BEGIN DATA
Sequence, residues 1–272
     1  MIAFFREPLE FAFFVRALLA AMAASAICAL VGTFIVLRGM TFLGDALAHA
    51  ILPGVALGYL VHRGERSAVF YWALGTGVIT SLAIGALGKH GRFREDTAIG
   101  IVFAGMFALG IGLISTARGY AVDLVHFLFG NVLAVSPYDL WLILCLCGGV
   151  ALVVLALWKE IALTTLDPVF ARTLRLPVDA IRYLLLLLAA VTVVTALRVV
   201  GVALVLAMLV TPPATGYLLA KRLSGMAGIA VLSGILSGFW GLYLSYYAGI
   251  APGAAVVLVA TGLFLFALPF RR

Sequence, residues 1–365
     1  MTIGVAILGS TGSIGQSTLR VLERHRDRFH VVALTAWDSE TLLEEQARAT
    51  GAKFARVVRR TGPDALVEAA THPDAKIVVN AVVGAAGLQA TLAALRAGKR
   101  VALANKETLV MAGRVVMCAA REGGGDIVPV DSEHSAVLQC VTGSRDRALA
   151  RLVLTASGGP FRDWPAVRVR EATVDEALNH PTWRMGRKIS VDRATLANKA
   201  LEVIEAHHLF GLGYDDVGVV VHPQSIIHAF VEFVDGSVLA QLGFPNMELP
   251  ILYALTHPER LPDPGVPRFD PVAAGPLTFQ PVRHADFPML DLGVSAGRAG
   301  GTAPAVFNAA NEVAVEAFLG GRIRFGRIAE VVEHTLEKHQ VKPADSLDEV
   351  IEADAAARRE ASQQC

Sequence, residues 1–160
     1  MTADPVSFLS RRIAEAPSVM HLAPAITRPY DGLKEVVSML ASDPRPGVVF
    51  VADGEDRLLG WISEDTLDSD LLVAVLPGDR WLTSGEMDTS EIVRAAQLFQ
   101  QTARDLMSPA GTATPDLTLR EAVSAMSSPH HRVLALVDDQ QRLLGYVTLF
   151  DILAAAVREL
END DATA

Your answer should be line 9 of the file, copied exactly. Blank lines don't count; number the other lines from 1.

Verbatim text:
     1  MTIGVAILGS TGSIGQSTLR VLERHRDRFH VVALTAWDSE TLLEEQARAT